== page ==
The size of the Indian furniture industry is estimated to be Rs 1,00,000 crore, out of which the modular or mechanised segment is not even 10%. The industry is moving towards modularity as consumers are beginning to understand the benefits of owning standardised furniture. E-commerce platforms such as Pepperfry, Urban Ladder and Livespace have also played a role in creating awareness about modular furniture, particularly because their own profitability depends on standardisation. Besides, Ikea is sure to boost demand for well designed and quality furniture which is very competitively priced, once it sets up its outlets in the country in the coming years. Ikea is known for beating down costs through the smart design of products as well as the processes. Its foray will also offer unique experiences to buyers as they will be able to assess if they want to buy a free-standing single drawer unit or a complete kitchen. These developments will call for massive steps towards standardisation of kitchens and furniture for mass consumption, and naturally they augur well for the industry.
‘Experience’ is the Retail Mantra
Customers across the world are craving for smart and intelligent living solutions. They want ideas for designing their interiors. In light of this trend, companies will have to offer new and innovative experiences to their buyers. They will have to carefully review the customer experiences every time he comes in contact with their brands. They will have to reinvent themselves by creating retail spaces that engage and immerse the customers into very pleasant experiences, which are unmatched by online or digital shopping.
The companies that have realised this paradigm are pumping monies for building spaces that are commonly referred to as display, design, experience or innovation centres. These are not conventional points of sale (POS); rather they are touch-and-feel points that influence the buying or decision-making process of customers and help in generating sale leads.
We launched our first Innovation Centre a couple of years ago at Bengaluru. It showcases our most premium fittings and applications for modern furniture and addresses customers as well as designers. Visitors to this centre need to take a prior appointment for personalised attention. Besides, we have also established display centres in Delhi, Mumbai, Bengaluru, Kolkata, Lucknow, Hyderabad, Chandigarh, Indore and Chennai for architects, designers, contractors, OEMs and carpenters. These centres also provide inspiration to our channel partners so that they too can connect with their customers in a more evolved manner.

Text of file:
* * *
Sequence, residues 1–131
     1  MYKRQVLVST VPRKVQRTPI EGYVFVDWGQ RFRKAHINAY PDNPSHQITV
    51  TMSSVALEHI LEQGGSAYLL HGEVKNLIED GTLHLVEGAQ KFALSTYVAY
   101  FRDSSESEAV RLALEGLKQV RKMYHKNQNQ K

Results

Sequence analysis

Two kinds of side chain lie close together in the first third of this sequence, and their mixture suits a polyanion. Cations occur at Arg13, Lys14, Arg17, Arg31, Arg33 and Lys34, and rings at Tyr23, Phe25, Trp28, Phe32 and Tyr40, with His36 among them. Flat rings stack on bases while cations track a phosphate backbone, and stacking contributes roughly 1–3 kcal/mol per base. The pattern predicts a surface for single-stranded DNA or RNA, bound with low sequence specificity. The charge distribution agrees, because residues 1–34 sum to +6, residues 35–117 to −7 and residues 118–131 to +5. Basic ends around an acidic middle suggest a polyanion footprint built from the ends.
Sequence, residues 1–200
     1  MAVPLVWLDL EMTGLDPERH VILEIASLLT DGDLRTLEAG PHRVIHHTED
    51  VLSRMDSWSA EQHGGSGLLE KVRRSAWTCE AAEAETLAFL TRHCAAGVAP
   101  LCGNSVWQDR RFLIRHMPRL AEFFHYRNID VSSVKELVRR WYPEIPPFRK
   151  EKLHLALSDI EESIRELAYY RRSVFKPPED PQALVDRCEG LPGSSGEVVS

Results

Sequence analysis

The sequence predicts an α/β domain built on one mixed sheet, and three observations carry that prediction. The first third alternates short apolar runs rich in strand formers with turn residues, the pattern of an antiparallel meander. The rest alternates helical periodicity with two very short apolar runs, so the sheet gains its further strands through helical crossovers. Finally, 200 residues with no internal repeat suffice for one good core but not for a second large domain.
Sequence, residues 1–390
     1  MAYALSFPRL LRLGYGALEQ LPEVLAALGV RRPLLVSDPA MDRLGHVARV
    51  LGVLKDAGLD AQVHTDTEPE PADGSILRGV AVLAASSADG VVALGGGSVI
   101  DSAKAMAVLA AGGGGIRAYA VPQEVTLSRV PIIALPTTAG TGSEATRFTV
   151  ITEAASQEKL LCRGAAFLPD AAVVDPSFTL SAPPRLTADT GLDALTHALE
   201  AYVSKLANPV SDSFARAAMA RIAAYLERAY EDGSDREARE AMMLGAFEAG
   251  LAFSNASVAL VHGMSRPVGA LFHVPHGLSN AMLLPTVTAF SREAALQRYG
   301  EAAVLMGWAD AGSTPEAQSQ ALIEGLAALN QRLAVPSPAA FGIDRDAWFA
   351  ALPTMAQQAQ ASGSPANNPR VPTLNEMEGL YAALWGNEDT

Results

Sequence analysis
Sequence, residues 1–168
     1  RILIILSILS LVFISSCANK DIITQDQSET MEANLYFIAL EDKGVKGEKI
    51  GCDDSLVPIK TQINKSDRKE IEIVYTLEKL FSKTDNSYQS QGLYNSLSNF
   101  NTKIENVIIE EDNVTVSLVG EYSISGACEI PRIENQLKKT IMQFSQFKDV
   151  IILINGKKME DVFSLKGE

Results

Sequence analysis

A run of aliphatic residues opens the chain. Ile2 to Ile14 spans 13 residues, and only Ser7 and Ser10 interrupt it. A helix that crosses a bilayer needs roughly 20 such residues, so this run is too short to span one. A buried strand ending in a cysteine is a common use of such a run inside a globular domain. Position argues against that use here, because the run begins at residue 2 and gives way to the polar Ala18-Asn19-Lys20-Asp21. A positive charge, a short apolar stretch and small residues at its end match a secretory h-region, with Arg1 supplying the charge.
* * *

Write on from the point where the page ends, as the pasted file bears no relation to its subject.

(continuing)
Failure is a Part of the Leader’s Journey
A leader has to be a visionary. I believe that the vision with an actionable strategy can realise the goal of an organisation and at the same time meet the demands of the market. This differentiates a true leader from me-too leaders. However, success does not come merely because one has a vision. One has to craft a sound strategy around the vision, have actionable plans, and more importantly engage people. The calibre can be gauged by the leader’s ability to align employees’ actions with the course of implementation of plans and priorities that the top executive has established in the strategic planning process.
Failure too is a part of the leader’s journey; it is not success all the way. One has to be ethical and transparent in business dealings. In fact, trust and transparency are probably the most important fundamentals of leadership that stand between ordinary results and extraordinary results. For me, transparency is the new imperative. We at Hettich believe in extraordinary results, and thus abide by the principles of trust and transparency. As far as the leadership position of Hettich India is concerned, I have been getting tremendous support from the global leadership team. I have shared with conviction our vision and actionable strategy with the global team, and more often than not they have fully backed our decisions.
As a perpetual student of leadership, I am inspired by Dhirubhai Ambani who made Indian industry globally competitive by setting up exceptionally large-sized projects, and Ratan Tata who acquired global corporations and turned them around. Of course I have much admiration and respect for the many other Indian managers who are setting benchmarks through their audacity and integrity.